Profit and Loss Statement/Income Statement- What you Need to Know

profits and loss - Complete Controller

A Profit and Loss Statement (P&L) has many different names: Income Statement, Statement of Operations, Statement of Financial Results, and Income Expense Statement. For this article, we will be referring to it as a Profit and Loss Statement. Every public company must submit a quarterly and yearly P&L statement for its shareholders. On the contrary, if your company is privately owned, these are still a vital piece of information necessary to be able to look at your company’s growth. A P&L statement is a formal statement that includes your company spends, how much your company makes, and what that means for you. In this article, we will answer the following questions, “What is a P&L statement, what is the difference between a P&L statement vs. a Balance Sheet, and What is the proper format for a P&L statement.”

What is a Profit & Loss Statement? Check out America's Best Bookkeepers

As stated before, a P&L Statement is a statement shared with the public (or for personal use if your company is private), that helps you look at your company’s revenue in comparison to its expenses. Important factors need to be considered when it comes to company expenses. Are you spending too much? Are you not spending enough to increase revenue? These are the questions answered by creating an in-depth P&L statement. The P&L statement is 1 of 3 statements that companies release, along with a Balance Sheet, and a Cash Flow Statement. The idea of a P&L statement is to look at the state of a company at any given time. Also, it is used to compare with P&L statements from previous years. This is how you will know whether this year, your company is creating more revenue, remaining stagnant, or decreasing.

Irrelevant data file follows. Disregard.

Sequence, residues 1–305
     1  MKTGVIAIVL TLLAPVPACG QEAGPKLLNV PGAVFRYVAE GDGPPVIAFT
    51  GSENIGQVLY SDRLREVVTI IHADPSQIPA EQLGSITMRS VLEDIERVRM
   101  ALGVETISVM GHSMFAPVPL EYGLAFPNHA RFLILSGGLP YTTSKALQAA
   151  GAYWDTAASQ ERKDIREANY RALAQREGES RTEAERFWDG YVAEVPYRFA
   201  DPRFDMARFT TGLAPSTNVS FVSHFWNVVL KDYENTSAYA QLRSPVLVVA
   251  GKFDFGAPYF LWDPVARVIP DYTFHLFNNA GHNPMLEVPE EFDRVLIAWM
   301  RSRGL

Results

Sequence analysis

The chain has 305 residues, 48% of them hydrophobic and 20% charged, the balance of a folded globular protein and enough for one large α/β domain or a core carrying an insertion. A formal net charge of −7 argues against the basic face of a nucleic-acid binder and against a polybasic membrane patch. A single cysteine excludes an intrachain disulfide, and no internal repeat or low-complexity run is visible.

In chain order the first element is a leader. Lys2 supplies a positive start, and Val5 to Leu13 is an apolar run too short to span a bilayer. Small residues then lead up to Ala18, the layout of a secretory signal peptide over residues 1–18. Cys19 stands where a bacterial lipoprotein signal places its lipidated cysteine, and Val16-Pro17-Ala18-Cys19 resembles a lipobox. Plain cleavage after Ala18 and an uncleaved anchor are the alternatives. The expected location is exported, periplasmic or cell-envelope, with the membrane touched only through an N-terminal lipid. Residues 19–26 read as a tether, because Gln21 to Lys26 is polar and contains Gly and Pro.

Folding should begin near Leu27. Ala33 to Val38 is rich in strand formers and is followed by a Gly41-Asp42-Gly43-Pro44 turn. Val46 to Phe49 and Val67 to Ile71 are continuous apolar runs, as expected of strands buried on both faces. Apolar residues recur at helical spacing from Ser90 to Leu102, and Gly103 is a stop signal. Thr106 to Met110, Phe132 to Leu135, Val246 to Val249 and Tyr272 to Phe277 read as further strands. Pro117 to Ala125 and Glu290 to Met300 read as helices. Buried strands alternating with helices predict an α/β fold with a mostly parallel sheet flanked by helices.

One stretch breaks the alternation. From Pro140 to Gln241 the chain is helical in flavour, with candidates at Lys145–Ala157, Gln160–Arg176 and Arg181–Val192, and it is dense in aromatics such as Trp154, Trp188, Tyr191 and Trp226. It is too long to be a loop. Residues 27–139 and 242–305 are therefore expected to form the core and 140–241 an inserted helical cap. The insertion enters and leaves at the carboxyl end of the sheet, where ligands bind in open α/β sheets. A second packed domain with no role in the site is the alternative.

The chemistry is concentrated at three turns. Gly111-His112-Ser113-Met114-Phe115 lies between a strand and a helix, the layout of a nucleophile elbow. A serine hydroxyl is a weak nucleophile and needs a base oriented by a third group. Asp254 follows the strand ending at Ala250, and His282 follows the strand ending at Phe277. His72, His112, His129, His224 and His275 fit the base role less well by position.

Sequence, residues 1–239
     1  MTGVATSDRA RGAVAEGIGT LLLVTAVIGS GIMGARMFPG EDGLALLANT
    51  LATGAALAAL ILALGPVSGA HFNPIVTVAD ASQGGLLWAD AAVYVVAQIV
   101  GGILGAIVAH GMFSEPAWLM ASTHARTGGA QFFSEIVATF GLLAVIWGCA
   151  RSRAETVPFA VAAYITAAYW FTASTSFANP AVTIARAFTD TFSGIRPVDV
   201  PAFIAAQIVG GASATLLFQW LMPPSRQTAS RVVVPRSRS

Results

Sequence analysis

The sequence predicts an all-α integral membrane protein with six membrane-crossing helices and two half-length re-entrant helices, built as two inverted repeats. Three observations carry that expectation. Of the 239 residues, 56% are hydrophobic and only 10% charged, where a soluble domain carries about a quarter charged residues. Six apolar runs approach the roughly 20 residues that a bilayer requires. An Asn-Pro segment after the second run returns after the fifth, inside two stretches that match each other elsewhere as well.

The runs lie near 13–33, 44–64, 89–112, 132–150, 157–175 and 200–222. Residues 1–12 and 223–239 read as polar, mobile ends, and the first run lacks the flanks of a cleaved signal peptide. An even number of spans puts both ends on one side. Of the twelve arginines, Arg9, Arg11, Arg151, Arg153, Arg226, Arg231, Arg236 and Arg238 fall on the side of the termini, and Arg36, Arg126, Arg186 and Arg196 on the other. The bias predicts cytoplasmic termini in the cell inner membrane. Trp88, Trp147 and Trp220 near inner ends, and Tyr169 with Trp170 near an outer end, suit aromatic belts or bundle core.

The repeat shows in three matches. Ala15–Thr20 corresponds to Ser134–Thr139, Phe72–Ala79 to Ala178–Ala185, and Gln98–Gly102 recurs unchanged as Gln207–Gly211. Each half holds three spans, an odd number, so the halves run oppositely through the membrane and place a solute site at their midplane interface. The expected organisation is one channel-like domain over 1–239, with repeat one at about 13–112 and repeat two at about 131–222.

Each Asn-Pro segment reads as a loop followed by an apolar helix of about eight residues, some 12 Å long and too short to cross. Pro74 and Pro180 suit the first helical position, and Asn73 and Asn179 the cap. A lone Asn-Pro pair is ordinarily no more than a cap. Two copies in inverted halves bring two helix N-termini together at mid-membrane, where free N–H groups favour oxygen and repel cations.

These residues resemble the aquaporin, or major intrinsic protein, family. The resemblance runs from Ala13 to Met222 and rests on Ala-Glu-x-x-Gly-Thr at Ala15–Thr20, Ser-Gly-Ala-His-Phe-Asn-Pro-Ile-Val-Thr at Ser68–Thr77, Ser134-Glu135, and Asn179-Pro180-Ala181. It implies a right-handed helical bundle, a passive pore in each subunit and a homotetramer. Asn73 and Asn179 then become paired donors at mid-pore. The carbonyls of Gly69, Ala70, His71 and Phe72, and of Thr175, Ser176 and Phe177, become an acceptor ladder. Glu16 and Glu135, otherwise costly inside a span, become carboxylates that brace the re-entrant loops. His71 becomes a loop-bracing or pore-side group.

Profit & Loss Statement vs. Balance Sheet

Many people confuse a Profit & Loss Statement with a Balance Sheet. Not to fear! The two are different but work as a team. As stated before, a Balance Sheet, as well as P&L Statement, are 2 of 3 statements a company will release every quarterly period. Therefore they go together but include different data. Simply put, a Balance Sheet is a “snapshot,” as many call it, of a company’s assets & liabilities. They are otherwise known as, what the company owns, and what they owe at any given moment. People who are most interested in this information are investors and creditors. Creditors in particular, so they can determine whether or not a company qualifies for a loan or additional credit. A P&L Statement, on the other hand, is an overall account for every expense and profit that comes into play in determining a company’s overall success in that period. Check out America's Best Bookkeepers

Format of a Profit & Loss Statement

There is no “official” format for a P&L Statement. However, some categories must be included: Sales and Revenues, costs (operating/supplies/tax expense/interest expense), and net profit. Think of the Format for a P&L statement like a math equation. Revenues – Cost = Profit. Here, we will take a look at each.

Revenues and Sales

Revenues and Sales is known as the “top line” of the P&L statement. It is the top line simply because it is what you will be subtracting from. This category should be broken down into subcategories, depending on what your company looks like and the products it offers. Subcategories of Revenues and Sales is determined by how many types of services or products your company offers or both. In the end, you will have the last subcategory labeled “total sales,” which is the total of all of your sales.

Costs Check out America's Best Bookkeepers

This is the meat of your P&L statement. This needs to be subcategorized by every type of cost your company has:

  • Cost of manufacturing/cost of maintaining supplies
  • Cost of operations (can be further broken down by office supplies, payroll, etc.)
  • Cost of interests (loans)

These are the three basic categories of Costs that a P&L statement must include. Depending on your company, it can also include cost of research and development and cost of selling products. You may find other additional costs your company needs to report not listed here.

Net Profit

This is your conclusion for your P&L Statement. After you have stated your Sales & Revenues and subtracted costs, you now have your Net Profit before Taxes. Your next category needs to be Tax Provisions (how much you paid in taxes). After subtracting your taxes, you now have your Net profit.

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